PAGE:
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Gigabyte Z170X-UD5 Review

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Gigabyte Z170X-UD5 Conclusion:

From a technology and durability standpoint, the Z170X-UD5 motherboard from Gigabyte is pretty well loaded. You get great storage performance options, especially with the dual M.2 and SATA Express connectivity, along withgreat durability options that include 15 micron thick gold plating in the LGA 1151 CPU socket pins and DIMM slot pins, 10K solid capacitors, Dual BIOS, 2oz copper layers in the PCB, and PCIe Metal shielding, to name just a few. Dual Intel NICs that support teaming help improve network bandwidth and the board comes with cFos traffic management software to improve usability even further. One of the signature callouts on the Z170X-UD5 is that it is equipped with USB 3.1 connectivity, both Type-A and what may prove to be the new USB standard, a Type-C port.

Gigabyte put together a fully integrated software suite called the APP Center. In it you get tools that make it easy to manage the features of the board from setting up RAID Arrays, to managing fan and clock speeds, to the color of the interface. The Easy Tune Utility worked just like it was supposed to and allowed the system to be overclocked from within the OS. The @BIOS utility worked well and downloaded and installed an updated BIOS from one of Gigabyte's servers. It did not pick up the latest BIOS, but did flash without any issues. Working through the BIOS on the Z170X-UD5 is fairly easy and I could navigate easily with either a mouse or keyboard. That being said, visually the BIOS feels basic in design by comparison, but has all the features you need to get the board set up and running.

Overclocking the Z170X-UD5 takes a little more work to reach the maximum clock speed of my processor, but ultimately gets there and delivered a 4.75GHz clock speed by manually tuning the settings. One challenge I saw was the vdroop on the CPU core under load that ultimately was the biggest obstacle when it came to overclocking. I had to set the vcore manually at 1.395v to get close to 1.37v under load even when using Gigabyte's Load Line Calibration. That being said, the board was fully stable at the final clock speed. If manually tuning the board takes a bit too much time, there are presets under the MIT section that allow you to choose an overclock based on a percentage of improvement or by clock speed. 4.6GHz is about the top clock speed you will get using the options in the BIOS. Pressing the OC button on the motherboard gives up a solid 4.4GHz clock speed for no work on the user's part other than pushing a button.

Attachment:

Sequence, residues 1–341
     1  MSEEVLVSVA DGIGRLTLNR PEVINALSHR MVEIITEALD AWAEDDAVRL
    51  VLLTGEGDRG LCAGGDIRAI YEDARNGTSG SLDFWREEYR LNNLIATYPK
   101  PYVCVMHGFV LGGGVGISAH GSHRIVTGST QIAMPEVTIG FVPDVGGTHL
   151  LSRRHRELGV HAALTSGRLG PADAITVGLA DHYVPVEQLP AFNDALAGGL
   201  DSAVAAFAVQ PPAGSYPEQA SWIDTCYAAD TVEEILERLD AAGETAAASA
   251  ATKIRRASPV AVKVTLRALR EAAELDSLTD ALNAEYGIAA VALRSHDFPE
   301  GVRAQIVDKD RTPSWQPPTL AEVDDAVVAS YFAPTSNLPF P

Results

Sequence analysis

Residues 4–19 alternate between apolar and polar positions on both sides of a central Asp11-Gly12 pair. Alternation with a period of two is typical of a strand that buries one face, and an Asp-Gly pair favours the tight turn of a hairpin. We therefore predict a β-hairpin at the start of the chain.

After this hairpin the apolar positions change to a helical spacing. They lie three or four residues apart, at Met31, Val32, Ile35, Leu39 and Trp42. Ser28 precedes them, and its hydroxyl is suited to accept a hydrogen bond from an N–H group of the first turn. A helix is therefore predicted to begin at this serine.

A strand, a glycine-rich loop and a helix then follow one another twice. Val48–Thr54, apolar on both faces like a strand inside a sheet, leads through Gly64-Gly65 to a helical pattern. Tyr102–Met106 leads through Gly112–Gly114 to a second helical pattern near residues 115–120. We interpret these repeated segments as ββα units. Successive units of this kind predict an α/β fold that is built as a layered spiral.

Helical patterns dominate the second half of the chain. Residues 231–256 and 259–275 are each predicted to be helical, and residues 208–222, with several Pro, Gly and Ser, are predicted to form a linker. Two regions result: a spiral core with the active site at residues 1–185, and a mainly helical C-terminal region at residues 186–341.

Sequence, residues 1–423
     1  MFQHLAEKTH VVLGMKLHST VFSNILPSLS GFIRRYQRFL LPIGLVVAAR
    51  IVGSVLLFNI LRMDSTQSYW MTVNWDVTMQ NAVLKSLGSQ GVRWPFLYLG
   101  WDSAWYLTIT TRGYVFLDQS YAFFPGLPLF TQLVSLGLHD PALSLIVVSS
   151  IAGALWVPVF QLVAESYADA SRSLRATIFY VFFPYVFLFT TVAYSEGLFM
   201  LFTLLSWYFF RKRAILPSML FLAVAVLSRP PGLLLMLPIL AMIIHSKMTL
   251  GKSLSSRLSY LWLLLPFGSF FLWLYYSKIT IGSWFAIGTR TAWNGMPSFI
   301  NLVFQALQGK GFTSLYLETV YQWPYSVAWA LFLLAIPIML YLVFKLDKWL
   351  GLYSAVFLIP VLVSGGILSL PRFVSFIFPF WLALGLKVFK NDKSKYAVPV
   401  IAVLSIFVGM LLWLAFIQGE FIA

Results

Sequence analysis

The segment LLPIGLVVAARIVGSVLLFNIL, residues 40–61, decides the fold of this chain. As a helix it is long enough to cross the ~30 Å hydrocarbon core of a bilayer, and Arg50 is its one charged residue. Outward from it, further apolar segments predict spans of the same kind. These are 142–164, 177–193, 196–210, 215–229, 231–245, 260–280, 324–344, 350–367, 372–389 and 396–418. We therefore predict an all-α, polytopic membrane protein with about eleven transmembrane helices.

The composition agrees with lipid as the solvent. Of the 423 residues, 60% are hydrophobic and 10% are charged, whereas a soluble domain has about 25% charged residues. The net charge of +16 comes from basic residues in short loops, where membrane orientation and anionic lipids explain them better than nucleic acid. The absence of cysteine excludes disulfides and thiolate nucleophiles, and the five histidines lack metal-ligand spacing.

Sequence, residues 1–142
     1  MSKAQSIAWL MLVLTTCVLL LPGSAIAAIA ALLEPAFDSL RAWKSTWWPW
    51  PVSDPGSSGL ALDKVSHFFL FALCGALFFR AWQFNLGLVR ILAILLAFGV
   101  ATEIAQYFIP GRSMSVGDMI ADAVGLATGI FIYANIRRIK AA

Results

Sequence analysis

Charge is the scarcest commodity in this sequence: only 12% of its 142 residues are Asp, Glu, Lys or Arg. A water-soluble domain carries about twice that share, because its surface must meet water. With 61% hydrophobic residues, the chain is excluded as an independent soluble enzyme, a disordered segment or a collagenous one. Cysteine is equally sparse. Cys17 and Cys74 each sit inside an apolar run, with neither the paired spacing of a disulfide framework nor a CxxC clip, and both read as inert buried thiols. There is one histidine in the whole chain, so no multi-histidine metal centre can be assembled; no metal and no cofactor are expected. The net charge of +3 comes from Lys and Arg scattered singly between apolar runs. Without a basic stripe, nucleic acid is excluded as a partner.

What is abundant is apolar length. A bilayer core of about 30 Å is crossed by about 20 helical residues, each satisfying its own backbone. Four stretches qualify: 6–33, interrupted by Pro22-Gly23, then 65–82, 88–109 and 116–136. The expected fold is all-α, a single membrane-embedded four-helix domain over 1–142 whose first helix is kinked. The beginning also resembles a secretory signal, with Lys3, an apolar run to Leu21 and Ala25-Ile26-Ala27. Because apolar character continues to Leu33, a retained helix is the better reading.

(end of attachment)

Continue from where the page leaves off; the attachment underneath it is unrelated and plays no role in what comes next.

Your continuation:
One drawback that was obvious right from the start was that I was seeing lower levels of performance running at stock speeds. What I found was that the board only boosts one core up to 4.2GHz, following Intel's specification to the letter. This is something the comparison boards don't quite follow. By that I mean that the comparison boards boost up all the cores rather than just a single core. It is a point of difference at stock speeds that can easily be overcome with the push of a button. Stock performance aside, the board is fully stable and offers a lot of options for the end user. At $169 after rebate from e-tailers, it's tough to look the other way when you have a capable board in your hands. As an added bonus, you can register the Z170X-UD5 and throw your name into the hat for some serious Gigabyte gear.

 

Pros:

  • Feature set
  • Sound solution
  • Software bundle
  • Overclocking

 

Cons:

  • Stock Performance


 

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